With the increase of working women in Japan more businesses have recognized the opportunities in targeting career women. According to an article by S. Kakuchi the Prime Minister’s Office says that the number of working women in the 35 to 45 age group has risen steadily from 4.76 million in 2004 to 5.45 million in 2009. Several local companies have recognized the opportunities and have adjusted their business strategies.
For example construction companies started to change the layout of new condominiums so they can attract more female buyers with larger living rooms and improved security. For me surprisingly, compared to male buyers, these career women seem to have more cash at hand when purchasing their home. SUUMO (housing information service by Recruit Company) observed that women are able to pay a higher down payment of about JPY 10 million compared to male counterparts with JPY 2 million.
Then on a smaller price scale Pola Cosmetics has noticed that women mostly in their 40s are willing to buy exquisite cosmetics up to JPY 100,000 apiece. Although Japanese women are famous for having a preference for shopping, still I expect rather drastic changes in the purchasing behavior due to a changed economic situation, but the actual findings were different. Hakuhodo Research Company (consumer research firm) found last February that 50 percent of the female respondents compared to 45 percent of the males said they continue to spend money. “The overall trend is, people are spending less compared to the heady days of the bubble economy era, but still there is a tendency for women to spend more than men,” says A. Natsuyama, a senior researcher Hakuhodo.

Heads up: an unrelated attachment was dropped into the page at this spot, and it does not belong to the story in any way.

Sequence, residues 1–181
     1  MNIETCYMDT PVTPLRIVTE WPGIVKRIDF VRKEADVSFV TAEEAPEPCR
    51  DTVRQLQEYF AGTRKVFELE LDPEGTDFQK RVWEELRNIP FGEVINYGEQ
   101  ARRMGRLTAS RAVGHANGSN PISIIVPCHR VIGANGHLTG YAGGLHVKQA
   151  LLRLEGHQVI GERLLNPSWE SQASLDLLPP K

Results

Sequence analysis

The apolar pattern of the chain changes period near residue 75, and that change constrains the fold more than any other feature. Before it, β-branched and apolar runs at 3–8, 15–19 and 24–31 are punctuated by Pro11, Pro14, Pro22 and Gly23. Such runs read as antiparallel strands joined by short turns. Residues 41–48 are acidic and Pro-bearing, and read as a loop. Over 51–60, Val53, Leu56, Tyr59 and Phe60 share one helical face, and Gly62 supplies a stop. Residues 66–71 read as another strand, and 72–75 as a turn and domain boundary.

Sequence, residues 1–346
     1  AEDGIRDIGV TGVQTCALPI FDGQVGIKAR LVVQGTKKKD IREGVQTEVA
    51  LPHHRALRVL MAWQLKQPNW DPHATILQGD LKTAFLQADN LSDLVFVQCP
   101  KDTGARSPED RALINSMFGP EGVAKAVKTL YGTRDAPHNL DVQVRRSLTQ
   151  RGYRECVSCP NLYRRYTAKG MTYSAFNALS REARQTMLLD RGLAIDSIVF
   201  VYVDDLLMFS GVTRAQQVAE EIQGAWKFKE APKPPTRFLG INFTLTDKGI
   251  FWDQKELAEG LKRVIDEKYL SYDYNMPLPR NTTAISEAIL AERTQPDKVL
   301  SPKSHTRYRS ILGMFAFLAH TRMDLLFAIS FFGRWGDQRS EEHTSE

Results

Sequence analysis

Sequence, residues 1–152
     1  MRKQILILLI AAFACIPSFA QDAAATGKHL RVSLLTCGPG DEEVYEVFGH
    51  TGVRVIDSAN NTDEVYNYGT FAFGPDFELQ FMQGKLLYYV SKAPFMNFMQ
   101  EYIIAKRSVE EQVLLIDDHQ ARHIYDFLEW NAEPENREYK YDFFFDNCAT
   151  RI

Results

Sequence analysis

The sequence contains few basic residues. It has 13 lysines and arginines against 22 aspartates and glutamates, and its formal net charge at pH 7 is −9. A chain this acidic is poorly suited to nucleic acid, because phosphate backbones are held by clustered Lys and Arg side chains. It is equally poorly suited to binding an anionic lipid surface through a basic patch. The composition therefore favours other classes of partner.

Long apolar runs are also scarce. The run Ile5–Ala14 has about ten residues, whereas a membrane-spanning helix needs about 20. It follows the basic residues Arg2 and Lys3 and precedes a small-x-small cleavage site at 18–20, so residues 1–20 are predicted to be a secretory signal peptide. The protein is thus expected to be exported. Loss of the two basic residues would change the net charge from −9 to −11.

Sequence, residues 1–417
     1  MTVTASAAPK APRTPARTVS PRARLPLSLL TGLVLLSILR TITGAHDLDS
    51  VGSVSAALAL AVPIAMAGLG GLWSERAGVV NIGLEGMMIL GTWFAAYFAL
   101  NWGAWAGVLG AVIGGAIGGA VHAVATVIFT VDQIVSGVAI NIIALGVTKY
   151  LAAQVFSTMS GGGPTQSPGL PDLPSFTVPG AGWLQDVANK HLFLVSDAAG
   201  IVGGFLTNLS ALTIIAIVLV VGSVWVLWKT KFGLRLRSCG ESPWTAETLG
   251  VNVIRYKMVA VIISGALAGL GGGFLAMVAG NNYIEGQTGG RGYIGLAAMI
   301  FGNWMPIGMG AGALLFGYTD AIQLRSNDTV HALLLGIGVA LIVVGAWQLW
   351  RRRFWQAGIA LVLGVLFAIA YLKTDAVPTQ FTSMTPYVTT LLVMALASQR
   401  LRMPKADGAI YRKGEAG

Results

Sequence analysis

Having a closer look at the Japanese culture, it seems to me Japanese women have always been the spender in the family. Most likely as a full-time homemakers, women are in charge of the family budget controlling their husbands’ incomes. The sole difference today is that women are making their own money and using their incomes to focus on their own needs. Therefore companies focused on services related to relaxation after work or special treats for women are doing well even in a challenging economic situation. Another booming segment is education for children targeted for the married working women who are picking up the bill.
Brought to you by Sibylle Ito (シビル伊藤)